Psychology, Mental Illness, Darwinism, Gender, Physiological Psychology, Genius
Benedict A Morel , Arthur L Wigan , Forbes B Winslow , John Elliotson , Henry Holland , Marshall Hall
Winslow 1860 , Holland 1852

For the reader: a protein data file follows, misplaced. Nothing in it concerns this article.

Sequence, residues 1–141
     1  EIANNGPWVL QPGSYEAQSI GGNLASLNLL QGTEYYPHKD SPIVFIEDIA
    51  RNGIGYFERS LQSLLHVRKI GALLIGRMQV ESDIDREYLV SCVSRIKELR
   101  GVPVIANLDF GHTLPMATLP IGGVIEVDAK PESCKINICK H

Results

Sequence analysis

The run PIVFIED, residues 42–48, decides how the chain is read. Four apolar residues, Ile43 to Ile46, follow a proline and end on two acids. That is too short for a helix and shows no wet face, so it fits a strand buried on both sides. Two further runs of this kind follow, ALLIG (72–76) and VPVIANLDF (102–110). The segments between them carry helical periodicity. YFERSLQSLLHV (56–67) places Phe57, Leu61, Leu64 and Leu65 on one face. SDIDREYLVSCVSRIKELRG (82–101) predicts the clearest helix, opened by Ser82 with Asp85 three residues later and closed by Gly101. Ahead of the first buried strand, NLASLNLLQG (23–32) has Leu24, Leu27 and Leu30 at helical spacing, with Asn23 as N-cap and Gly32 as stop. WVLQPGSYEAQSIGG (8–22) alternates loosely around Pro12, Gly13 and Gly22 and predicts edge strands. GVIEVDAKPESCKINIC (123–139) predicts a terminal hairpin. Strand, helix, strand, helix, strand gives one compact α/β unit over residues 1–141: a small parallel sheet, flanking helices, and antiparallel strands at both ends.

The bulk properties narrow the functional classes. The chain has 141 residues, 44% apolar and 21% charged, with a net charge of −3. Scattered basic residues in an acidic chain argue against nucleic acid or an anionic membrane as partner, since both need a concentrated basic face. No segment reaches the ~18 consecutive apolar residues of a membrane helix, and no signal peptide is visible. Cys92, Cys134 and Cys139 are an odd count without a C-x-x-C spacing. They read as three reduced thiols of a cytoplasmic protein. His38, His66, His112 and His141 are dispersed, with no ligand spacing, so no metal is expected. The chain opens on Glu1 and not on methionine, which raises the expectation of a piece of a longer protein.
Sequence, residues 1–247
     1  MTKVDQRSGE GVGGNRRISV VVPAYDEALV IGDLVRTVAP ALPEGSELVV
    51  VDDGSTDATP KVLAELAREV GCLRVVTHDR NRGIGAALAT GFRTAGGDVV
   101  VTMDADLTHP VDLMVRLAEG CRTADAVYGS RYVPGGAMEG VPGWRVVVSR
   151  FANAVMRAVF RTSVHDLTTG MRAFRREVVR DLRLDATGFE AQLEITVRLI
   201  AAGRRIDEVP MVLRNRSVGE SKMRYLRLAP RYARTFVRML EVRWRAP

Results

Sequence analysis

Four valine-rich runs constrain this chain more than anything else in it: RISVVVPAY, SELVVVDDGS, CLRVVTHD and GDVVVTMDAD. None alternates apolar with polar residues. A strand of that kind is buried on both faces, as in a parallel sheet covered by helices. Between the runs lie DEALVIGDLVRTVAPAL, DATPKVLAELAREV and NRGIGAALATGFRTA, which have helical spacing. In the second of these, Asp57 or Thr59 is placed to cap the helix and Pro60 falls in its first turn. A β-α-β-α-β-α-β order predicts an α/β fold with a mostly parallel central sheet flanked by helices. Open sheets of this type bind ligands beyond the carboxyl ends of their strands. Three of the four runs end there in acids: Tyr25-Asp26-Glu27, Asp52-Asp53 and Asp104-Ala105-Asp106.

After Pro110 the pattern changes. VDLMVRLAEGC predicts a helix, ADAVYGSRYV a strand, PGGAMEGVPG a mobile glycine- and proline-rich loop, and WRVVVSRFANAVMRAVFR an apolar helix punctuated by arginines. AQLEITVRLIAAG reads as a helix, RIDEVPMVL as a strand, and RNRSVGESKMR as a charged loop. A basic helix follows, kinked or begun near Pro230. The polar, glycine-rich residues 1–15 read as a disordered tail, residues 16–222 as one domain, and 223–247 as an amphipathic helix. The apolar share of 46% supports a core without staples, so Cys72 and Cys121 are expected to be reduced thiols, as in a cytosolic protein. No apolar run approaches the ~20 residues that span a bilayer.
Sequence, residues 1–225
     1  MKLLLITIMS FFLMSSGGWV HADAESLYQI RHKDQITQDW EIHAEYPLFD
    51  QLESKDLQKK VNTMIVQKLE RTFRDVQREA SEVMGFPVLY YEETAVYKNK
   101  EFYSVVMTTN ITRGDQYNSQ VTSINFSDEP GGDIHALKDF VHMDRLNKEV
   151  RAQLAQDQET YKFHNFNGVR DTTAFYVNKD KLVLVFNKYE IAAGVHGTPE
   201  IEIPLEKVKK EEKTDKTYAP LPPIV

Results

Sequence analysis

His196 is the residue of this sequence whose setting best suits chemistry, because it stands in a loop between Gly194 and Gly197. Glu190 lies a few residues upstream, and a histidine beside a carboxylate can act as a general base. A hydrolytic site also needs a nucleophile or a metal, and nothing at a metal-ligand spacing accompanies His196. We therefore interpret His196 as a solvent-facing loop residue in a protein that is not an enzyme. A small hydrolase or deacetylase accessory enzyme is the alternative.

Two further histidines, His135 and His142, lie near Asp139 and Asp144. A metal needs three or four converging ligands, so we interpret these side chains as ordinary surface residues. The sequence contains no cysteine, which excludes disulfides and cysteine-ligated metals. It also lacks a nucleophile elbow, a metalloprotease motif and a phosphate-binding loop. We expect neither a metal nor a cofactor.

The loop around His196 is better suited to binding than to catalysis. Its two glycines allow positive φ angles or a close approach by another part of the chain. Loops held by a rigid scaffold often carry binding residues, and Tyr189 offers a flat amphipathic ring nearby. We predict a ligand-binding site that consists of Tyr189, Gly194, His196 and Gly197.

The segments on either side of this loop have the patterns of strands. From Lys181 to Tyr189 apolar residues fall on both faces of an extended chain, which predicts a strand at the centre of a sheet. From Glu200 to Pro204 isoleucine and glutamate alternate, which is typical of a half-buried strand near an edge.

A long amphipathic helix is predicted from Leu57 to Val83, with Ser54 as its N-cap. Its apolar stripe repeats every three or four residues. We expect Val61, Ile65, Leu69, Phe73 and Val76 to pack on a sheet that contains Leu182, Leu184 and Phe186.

Asserts that 'since the appearance of Dr. Abercrombie's Inquiries Concerning the Intellectual Powers, which created such a profound sensation thirty years ago', 'the science of mind, healthy and diseased, has been placed, as it were, in the field of the intellectual microscope'. Indeed, the 'careful observation of the First Beginnings of brain disease' has become 'a subject in which the public is greatly interested', and 'there is a vast amount of latent brain disease in the community, only awaiting a sufficiently exiting cause to make itself patent to the world'. (481) In some conditions of mind 'prayers are turned into curses, and the chastest into the most libidinous thoughts', although it 'does not necessarily follow that, because a man is thus haunted by another and evilly-disposed self, that he has reached the stage of lunacy, if his reason still retains the mastery'. However, the purpose of the article is to warn that even the most trivial mental aberrations may be the first beginnings of an 'impending lunacy', which, if left to 'progress unperceived', may soon become incurable (482–83). With the 'struggle for life [...] ever straining men's minds to the breaking point' it is imperative that even the slightest manifestation of mental abnormality receives immediate medical attention (483). Suggests that the 'more the fact of the physical nature of insanity is acknowledged—the more it is recognized as an ailment which can be reached by physical agents—the greater will be its chances of successful treatment' (485). The remainder of the article discusses the various 'unusual physical signs' by which the 'latent seeds of insanity very often become known to the world' (486).
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